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We need to fix our broken asylum system


Conjuring images of duct tape and kidnapping, the president offered an insistent call to action about human trafficking at the border. The White House on twitter noted that, “[t]his is an urgent humanitarian issue” and that “[a]nyone who says there is no border crisis needs to talk to victims who have lived it.”

I am an attorney in the anti-trafficking field for over 10 years and the founder of the second law school clinic nationally focused on representing human trafficking victims. I have talked to many victims and my clients have never told me about duct tape. In fact, most of their stories do not involve the border. Instead, many cases involve U.S. citizens who have aged out of foster care and residential programs. Trump’s claim that we should shut down the border to end trafficking is equivalent to shutting down child protective services to protect these victims. It is not only wrong but it exacerbates the root causes of trafficking. 

{mosads}Having just returned from Tijuana, I saw a humanitarian crisis, but it is not the one that Trump describes. I traveled with a group of law professors and students to provide legal advice and assistance to refugees applying for asylum. We were confronted with scenes of desperation. Young children, who were sick and lack medical care, waiting with their parents for the chance to apply for asylum.


Vulnerable asylum seekers — such as the transgender woman we met — feared that she would face harassment and abuse in Mexico. We watched another female refugee was abused by her partner in broad daylight. She and onlookers did not dare call the Mexican police, for fear that they would be harassed or deported. Without hope and a chance at protection these refugees will increasingly turn to smugglers. They are even more vulnerable to trafficking.

Meanwhile, victims — seeking to leave or to report to law enforcement—are increasingly afraid due to policies under the Trump administration. While immigration benefits —T visas for trafficking victims and U visas for victims of violent crime — exist for victims of trafficking and violent crime, these are increasingly out of reach.

They require cooperation with law enforcement, which can be increasingly challenging in uncertain times such as these. Immigration & Customs Enforcement has repeatedly made statements that they cannot assure victims who step forward that they will have protection. In addition, the Trump administration has made it more challenging for victims to obtain such immigration benefits. Under a new policy announced this summer, if victims apply for benefits and are denied, they likely will be placed in deportation proceedings. Additionally, applications for these benefits are now taking many months if not years. Thus, victims face impossible choices.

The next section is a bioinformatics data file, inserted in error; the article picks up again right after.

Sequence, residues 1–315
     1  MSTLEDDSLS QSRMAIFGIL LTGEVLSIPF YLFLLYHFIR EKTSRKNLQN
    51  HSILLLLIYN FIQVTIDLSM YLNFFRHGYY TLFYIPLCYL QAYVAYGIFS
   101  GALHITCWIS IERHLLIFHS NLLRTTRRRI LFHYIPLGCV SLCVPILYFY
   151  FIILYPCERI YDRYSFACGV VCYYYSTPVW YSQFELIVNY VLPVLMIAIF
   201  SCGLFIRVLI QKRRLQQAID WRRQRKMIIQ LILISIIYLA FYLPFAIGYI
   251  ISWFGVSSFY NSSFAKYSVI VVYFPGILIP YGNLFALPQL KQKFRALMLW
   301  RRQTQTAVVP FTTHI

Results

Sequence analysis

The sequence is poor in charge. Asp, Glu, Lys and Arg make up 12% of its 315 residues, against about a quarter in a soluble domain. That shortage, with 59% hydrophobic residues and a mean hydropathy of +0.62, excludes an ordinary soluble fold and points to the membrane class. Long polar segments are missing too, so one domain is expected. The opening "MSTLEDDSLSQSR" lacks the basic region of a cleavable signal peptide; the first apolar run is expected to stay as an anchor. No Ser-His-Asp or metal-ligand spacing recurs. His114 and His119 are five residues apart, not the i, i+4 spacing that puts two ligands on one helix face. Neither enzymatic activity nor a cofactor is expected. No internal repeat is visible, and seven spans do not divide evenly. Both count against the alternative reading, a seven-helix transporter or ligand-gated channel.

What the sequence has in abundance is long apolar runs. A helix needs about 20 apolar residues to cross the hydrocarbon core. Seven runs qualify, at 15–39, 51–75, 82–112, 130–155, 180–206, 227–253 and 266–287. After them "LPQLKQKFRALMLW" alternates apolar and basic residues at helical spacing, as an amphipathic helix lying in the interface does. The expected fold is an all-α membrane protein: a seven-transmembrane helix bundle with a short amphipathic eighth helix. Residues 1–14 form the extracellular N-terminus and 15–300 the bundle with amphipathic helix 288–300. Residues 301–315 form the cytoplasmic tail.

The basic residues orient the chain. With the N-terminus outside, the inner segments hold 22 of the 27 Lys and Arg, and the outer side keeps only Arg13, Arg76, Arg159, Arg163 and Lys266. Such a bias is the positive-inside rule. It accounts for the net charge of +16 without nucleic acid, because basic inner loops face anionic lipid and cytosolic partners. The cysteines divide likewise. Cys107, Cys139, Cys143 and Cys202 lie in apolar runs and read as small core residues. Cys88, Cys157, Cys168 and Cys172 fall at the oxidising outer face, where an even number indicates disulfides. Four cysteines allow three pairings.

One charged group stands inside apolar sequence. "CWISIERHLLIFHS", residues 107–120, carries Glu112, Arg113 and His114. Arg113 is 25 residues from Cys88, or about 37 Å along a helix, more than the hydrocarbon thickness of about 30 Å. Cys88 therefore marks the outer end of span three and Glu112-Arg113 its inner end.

The president cites compelling statistics to bolster his claims about human trafficking. He notes that 1,588 trafficking arrests occurred last fiscal year with 1,543 for sex trafficking. This is indeed true. What it fails to note is that according to a study in 2015, 93.9 percent of the defendants were U.S. citizens. Also, while trafficking does occur along the border, it also occurs in almost all jurisdictions of our country. For example, while Texas was a leader in trafficking prosecutions, it was joined by jurisdictions in Florida, Missouri and Pennsylvania.

The President is right to focus on duct tape. While rarely a tool of traffickers, it is needed to fix our broken asylum system. This administration’s policies have prevented vulnerable asylum seekers from presenting themselves at the border and having their asylum claims expeditiously processed.

Moreover, in March 7, 2018, then-attorney general Sessions issued the decision in Matter of A-B- to severely circumscribe the ability to grant asylum to certain victims of domestic violence, gang-based violence and other categories. This decision has been challenged by the ACLU and recently resulted in a federal court injunction. Such short-term fixes are helpful but insufficient. Refugees at the border and victims of trafficking must have legally viable avenues to come forward and present their claims. Allowing them to step out of the shadows is the only route forward to combat trafficking.

Julie Dahlstrom is a clinical associate professor at Boston University School of Law and the director of the BU Law Immigrants Rights and Human Trafficking program.

Tags Crime Human trafficking Human trafficking in the United States Organized crime Sex crimes sex trafficking Violence against men Violence against women

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